Archaeology students help reveal the secrets of Chester's Grosvenor Park

13 May 2016

Archaeologists from Cheshire West and Chester Council's Historic Environment Team have picked up their trowels and headed out to Grosvenor Park, with a new group of students from the University of Chester who are taking part in the annual month-long training dig.

Being close to two of Chester’s major historic monuments - the Roman amphitheatre and the medieval church of St. John the Baptist - has had an influence on the development of the park and more importantly on the archaeology that lies beneath.  It is hoped that new information on the remains of both Cholmondeley’s mansion as well as the civilian settlement that lay outside Chester’s Roman fortress will be uncovered. 

Said Councillor Louise Gittins, Cabinet Member for Culture, Leisure and Wellbeing: “It’s exciting that the archaeologists are uncovering more of the medieval building; hopefully they will prove that it was once part of St. John’s Church precinct before it was incorporated by Lord Cholmondeley into his mansion. They also hope to uncover more of the Roman road leading to the amphitheatre, along with any related buildings. This new evidence will add to the rich tapestry that is Chester’s Story”. An Open Day takes place on June 1 giving the chance to see what the students have excavated and learn about the history of this corner of Grosvenor Park. More details can be found on the student’s Dig Blog at http://univchester-parkdig.blogspot.co.uk/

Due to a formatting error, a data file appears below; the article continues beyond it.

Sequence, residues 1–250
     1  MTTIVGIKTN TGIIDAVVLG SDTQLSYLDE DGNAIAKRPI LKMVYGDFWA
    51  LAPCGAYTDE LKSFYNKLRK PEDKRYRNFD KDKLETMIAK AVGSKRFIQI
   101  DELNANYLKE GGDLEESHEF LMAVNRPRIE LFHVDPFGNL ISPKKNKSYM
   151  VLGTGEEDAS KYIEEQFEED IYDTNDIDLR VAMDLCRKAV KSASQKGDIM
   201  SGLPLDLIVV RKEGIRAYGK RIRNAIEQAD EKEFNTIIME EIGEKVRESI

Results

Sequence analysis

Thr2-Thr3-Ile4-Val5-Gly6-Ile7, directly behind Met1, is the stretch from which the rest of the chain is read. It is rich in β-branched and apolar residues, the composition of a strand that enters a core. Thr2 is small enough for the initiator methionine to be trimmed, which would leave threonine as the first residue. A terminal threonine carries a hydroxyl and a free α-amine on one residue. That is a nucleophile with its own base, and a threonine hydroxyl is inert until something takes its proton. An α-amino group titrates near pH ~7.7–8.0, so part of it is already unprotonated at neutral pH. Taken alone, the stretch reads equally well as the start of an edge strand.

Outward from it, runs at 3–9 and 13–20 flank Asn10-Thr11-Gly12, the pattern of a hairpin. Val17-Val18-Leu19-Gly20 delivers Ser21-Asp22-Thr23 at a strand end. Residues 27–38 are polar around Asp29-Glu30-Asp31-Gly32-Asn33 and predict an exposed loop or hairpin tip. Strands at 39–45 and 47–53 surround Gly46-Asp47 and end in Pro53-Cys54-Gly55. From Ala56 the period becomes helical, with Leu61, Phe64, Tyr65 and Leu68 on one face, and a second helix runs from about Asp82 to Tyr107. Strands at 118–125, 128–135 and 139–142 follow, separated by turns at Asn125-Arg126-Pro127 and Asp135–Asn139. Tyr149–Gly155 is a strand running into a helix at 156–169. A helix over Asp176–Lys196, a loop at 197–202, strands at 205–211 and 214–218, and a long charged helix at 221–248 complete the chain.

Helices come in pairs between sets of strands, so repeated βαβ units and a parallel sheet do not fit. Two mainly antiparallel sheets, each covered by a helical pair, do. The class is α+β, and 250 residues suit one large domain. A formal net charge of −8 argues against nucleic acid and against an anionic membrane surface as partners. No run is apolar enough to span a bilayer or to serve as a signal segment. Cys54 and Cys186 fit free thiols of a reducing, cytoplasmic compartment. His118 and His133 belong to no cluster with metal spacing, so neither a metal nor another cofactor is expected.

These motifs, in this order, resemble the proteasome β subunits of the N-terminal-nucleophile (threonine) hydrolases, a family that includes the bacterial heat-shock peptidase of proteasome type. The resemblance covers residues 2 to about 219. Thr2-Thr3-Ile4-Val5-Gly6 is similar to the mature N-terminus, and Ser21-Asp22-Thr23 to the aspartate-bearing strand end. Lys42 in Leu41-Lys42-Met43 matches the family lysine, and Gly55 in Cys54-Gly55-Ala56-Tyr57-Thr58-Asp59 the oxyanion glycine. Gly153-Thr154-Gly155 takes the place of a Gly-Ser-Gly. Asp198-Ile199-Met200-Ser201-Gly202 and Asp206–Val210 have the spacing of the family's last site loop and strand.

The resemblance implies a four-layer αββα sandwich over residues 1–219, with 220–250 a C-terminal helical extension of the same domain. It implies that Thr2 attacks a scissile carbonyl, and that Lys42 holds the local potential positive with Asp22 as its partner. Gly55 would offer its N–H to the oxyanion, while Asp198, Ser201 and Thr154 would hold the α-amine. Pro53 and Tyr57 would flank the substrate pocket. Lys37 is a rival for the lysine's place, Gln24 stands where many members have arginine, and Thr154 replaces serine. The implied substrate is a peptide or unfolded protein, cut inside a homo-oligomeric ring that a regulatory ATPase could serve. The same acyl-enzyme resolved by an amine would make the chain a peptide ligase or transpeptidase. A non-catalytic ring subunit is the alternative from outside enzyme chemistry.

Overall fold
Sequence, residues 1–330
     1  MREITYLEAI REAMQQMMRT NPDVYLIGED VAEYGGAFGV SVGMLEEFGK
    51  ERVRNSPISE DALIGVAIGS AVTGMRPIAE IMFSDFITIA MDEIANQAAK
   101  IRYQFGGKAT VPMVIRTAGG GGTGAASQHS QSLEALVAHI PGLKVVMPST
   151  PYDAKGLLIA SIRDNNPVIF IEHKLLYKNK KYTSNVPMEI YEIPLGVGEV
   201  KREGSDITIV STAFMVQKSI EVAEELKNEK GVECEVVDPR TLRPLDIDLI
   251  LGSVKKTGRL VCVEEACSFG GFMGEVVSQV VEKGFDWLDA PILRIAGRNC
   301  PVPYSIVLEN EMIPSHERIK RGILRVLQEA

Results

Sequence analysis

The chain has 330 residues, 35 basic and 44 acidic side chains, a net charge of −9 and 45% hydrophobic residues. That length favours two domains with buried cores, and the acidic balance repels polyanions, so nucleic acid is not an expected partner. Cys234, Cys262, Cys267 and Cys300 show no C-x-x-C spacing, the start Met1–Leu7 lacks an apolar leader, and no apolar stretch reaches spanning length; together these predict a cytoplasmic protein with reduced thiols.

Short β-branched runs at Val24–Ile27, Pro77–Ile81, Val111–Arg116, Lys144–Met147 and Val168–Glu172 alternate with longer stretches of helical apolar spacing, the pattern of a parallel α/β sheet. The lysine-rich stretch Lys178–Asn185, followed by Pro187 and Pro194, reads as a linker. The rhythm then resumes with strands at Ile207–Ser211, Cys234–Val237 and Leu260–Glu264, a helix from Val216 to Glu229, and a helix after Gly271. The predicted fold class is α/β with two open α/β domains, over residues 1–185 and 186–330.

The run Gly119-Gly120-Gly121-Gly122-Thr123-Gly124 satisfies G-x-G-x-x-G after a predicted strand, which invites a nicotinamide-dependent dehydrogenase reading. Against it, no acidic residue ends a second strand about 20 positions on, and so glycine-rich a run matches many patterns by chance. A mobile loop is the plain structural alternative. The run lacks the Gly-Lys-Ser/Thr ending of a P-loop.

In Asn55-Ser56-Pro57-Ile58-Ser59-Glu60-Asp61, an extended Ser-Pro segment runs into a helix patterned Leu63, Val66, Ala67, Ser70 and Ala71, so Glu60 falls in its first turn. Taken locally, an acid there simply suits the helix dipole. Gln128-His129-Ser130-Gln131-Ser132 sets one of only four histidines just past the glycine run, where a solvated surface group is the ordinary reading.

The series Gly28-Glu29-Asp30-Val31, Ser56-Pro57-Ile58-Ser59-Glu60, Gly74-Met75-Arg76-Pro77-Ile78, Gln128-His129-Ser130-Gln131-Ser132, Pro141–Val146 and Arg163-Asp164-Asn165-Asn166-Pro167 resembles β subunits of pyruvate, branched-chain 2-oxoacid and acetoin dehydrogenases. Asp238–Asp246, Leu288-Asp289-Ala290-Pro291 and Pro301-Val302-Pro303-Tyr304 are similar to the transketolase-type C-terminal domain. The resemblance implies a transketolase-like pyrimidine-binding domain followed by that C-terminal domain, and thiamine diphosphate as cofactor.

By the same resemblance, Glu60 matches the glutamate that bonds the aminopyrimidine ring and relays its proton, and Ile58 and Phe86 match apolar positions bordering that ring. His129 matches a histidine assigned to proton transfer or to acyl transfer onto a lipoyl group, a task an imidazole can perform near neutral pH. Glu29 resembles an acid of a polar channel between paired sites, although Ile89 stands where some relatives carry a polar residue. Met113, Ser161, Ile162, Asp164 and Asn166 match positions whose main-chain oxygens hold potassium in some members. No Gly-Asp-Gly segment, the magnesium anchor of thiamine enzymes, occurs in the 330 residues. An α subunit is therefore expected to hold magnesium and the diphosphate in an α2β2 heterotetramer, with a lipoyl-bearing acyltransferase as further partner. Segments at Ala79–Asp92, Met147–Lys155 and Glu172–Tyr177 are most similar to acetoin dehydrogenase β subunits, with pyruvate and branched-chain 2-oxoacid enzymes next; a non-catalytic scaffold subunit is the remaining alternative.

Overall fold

The training dig is a joint project between the archaeologists from Cheshire West and Chester Council's Historic Environment Team and the University of Chester and is an important part of the student’s archaeology degree course.

Said Dr.Caroline Pudney, Lecturer in Archaeology from the University of Chester: “It's a really valuable opportunity for the students to dig within Chester for their degree and to contribute to our knowledge of the city's past. The wide range of structures and artefacts from the Roman to the post-Medieval periods means that the site provides a unique environment for discovery and helps to inspire our students to further their archaeological experience.”

The training dig is open for viewing until June 3, 9.30am to 4.30pm Monday to Friday (except between 12.30pm - 1.30pm daily and all day Bank Holiday Monday).


Rachel Alexander, Mary Jane Porter, Bryany Fisher 

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